The line moved slowly but the clock seemed to as well.  One by one, the people in front of me took their turn – handing over documents, stepping back to take their ID pictures, swiping credit cards.  I was next in line now.  3:48pm.

“Next please,” a monotone voice came from behind the plexiglass.  I stepped up and greeted the woman at the desk.  I explained our situation and that my children and I had a flight that was scheduled to leave in about four hours.  She asked for my pre-clearance letter, and I slid it through the slot under the plexiglass.

She read it over and looked up.  “This is not an original letter.  I can’t update your file without an original letter.”

I explained again how I just received the letter via email.  I didn’t have an original yet, but needed the file updated that day.  Within the next nine minutes actually!

She looked at the letter again, then back up at me.

“Okay,” she said, and started typing on the computer in front of her.  I looked back up at the clock behind her.  3:53pm.

More minutes went by.  Type, type, type, type, type.  Finally, she finished typing.

“Alright, so I’ve made loads of notes on your file.  When you come back through the border, you’ll need to present a copy of this pre-clearence letter along with your passport.  If they have any questions at all, they’ll be able to see the notes on your file.  You shouldn’t have a problem coming back in.  Now, because this isn’t an original letter, I can’t update your file today.  You’ll need to come back in with an original once you return from your trip.  Other than that, you should be good to go.”

“Thank you so much!” I said, gathering my documents.  The clock said 4:02pm.  Even the fact that the window stayed open after 4pm was incredible!  I walked as fast as I could back to the car, messaging Branden at the same time.  He’d been folding laundry with the boys and getting suitcases set up to be packed.  The boys still didn’t know we were going, though they were probably wondering why they’d gone from doing school to doing laundry!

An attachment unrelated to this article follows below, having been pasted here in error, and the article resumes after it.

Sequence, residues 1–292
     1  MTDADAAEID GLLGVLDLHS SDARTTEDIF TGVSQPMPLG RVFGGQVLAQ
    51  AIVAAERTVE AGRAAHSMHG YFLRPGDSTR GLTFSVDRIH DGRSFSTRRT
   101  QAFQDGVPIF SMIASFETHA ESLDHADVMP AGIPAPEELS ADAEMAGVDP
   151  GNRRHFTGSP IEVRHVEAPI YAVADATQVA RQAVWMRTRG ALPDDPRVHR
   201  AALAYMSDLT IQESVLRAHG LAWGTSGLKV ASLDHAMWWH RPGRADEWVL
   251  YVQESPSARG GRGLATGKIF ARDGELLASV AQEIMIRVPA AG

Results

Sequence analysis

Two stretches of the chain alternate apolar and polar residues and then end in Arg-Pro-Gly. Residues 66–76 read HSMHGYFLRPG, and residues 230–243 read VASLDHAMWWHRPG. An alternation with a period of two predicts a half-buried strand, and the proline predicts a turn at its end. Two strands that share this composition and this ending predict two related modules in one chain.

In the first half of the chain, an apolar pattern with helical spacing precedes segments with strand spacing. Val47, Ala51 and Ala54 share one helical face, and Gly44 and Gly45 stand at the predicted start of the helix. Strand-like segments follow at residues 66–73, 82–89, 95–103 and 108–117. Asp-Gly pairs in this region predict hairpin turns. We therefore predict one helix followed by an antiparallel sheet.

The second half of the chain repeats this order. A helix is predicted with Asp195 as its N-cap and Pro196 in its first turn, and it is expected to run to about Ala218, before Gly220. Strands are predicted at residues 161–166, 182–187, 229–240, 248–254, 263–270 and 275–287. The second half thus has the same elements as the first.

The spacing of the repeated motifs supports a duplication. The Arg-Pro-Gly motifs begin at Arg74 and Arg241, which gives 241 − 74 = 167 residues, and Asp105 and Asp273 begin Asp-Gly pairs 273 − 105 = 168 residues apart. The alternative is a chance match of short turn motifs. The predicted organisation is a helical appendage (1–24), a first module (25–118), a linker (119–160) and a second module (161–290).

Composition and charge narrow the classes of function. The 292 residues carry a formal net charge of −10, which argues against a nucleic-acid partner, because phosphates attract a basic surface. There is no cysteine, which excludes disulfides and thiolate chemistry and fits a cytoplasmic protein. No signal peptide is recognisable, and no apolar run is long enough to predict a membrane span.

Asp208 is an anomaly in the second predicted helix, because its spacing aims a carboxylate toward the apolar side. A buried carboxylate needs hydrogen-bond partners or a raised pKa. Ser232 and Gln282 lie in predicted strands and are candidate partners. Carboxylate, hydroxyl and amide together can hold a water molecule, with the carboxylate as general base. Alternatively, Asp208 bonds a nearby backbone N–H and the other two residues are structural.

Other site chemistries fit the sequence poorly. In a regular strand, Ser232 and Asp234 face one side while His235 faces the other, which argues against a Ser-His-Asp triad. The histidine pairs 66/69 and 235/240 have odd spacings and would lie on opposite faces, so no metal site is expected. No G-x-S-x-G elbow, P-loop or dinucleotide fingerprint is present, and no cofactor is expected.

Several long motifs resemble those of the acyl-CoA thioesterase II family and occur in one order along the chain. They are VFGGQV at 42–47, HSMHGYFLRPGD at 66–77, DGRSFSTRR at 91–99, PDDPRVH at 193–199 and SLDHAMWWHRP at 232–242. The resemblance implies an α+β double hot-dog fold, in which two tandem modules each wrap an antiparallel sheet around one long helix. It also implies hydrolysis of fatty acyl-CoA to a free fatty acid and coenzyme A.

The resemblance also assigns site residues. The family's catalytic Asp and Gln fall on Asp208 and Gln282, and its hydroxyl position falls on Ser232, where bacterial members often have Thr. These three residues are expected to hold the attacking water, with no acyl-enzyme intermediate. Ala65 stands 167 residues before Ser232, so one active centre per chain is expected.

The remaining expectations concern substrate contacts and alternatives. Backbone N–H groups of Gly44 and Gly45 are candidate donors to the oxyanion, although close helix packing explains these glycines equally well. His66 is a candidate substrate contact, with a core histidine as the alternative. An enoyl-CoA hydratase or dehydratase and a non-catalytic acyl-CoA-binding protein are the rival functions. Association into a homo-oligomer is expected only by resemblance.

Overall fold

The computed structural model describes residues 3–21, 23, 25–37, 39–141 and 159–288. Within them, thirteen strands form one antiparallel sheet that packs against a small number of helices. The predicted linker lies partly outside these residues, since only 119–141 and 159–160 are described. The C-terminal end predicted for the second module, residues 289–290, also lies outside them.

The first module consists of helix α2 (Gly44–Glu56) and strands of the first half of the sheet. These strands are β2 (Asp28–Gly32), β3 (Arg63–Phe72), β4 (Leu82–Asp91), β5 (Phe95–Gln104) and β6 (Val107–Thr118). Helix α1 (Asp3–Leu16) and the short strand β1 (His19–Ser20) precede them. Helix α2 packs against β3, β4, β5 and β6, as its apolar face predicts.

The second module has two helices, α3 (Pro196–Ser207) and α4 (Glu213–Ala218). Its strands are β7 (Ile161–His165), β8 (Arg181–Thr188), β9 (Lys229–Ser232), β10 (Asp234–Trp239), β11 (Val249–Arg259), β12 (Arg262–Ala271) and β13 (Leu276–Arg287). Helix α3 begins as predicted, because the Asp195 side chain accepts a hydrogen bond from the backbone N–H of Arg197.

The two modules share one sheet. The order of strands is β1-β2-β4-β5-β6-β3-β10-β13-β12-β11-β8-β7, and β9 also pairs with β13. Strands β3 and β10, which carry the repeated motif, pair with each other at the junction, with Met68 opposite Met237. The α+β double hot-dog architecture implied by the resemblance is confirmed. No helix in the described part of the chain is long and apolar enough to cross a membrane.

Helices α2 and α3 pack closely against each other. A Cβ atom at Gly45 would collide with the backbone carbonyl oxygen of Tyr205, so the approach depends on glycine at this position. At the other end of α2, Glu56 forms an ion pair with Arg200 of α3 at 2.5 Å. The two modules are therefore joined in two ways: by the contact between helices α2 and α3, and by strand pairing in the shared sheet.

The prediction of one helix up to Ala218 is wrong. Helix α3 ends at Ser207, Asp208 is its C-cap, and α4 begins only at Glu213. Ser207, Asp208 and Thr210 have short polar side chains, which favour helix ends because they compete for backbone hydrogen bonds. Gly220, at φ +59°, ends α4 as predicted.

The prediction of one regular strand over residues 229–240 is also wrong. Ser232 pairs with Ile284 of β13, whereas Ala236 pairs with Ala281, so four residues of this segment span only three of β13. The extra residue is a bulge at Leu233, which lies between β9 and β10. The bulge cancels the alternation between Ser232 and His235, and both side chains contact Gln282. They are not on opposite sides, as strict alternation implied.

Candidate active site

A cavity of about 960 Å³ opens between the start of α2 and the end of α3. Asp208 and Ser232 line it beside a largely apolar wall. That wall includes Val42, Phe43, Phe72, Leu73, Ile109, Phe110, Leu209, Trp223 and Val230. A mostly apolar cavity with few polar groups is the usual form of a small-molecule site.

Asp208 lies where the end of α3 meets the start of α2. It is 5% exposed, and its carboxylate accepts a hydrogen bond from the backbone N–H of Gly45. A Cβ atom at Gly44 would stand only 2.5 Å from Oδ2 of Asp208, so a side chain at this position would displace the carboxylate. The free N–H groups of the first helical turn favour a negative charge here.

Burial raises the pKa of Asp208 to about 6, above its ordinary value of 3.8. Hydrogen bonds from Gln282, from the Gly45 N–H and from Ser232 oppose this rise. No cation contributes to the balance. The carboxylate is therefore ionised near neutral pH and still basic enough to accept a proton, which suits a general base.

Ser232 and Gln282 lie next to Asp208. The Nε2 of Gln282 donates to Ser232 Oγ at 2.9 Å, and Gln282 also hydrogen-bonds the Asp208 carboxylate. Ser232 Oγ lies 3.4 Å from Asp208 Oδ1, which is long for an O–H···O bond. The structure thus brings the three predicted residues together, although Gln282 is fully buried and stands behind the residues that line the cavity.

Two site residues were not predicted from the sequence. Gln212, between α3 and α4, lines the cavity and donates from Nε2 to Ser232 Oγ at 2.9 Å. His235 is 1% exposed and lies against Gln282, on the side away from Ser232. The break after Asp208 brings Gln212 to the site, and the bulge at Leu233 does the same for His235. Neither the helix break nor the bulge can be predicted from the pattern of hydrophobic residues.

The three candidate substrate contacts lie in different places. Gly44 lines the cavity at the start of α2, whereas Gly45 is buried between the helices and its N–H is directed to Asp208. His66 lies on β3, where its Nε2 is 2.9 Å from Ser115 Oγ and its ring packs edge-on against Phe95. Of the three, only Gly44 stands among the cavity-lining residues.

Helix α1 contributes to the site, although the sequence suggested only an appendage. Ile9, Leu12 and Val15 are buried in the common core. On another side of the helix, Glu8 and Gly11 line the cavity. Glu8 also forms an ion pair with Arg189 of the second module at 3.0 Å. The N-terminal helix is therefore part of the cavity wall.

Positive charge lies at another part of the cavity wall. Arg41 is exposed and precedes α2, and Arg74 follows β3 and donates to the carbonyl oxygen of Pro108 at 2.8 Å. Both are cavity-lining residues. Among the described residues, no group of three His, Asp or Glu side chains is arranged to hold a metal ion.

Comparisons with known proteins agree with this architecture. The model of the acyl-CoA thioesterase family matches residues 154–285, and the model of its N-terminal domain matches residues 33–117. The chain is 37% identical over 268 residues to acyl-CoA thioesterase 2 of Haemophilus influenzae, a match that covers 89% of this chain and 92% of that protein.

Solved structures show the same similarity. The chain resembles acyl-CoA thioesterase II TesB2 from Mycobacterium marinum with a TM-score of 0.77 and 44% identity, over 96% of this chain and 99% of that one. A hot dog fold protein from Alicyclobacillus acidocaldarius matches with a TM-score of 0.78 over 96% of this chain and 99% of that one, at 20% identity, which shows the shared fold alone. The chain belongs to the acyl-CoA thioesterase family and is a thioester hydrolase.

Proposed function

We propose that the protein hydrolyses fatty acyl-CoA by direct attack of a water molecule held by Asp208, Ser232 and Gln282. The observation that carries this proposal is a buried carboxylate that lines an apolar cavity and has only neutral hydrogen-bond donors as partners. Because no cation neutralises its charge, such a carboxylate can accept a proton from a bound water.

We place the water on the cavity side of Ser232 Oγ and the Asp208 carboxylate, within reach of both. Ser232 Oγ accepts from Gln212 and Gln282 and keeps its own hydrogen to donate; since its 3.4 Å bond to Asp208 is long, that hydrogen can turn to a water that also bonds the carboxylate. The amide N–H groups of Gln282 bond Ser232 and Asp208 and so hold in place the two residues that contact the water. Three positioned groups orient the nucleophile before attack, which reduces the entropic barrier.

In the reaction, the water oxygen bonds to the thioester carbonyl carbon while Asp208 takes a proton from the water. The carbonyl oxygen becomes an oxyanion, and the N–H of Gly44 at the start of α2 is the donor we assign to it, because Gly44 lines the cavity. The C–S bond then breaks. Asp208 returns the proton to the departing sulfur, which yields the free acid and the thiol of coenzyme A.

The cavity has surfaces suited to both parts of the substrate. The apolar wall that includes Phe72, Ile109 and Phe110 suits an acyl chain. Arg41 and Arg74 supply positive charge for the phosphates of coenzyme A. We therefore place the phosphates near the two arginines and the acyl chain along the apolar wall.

I got into the car.  Until that moment, I wasn’t going to the Philippines.  Now, I had to get home, tell my children we were going on this huge trip, pack, and be at the airport in two hours!

My parents were already in the air.  I was trying to think through everything that needed to happen.  What did I need to have sorted before I left?  I didn’t have any money pulled or exchanged.  I hadn’t even gone to the store to get snacks for the plane.  And no one knew we were coming!

I dialed my Aunt on Facebook Messenger.  It was 11pm in the Philippines.

“Hi Babe,” her calm but curious voice came over the line.

“Auntie!!” my mind was going in a million directions.  “Something miraculous has happened!”

“What?  What happened?!”

I told her everything.  From Barbara going in to the office with me, to the play by play of the afternoon.  I fired off questions about what to pack, how to bring money, who would pick us up from the airport.  We’d probably been talking for three or four minutes when all of a sudden she just let out a big “WOOHOO!”

I just started laughing!

“I knew it!  I knew you would be coming!  This is what the church here has been praying for.  Because God is a good God.  Why would He provide for this trip and then not let you come?  He isn’t like that!  I knew you would be coming!”

I asked her if I should send a message to my Mom.

“Oh no, Babe,” she smiled.  “Don’t send her a message.  Let’s surprise them all!”

Just after 4:30pm – I walked in the front door of our house.  Branden called the boys into the hallway where I was taking off my coat.

“Okay boys.  You know how we’ve been doing all these crazy things to get our visas sorted?  Well, we needed the visas anyway, but part of the reason for the rush was because …WE’RE GOING TO THE PHILIPPINES!!”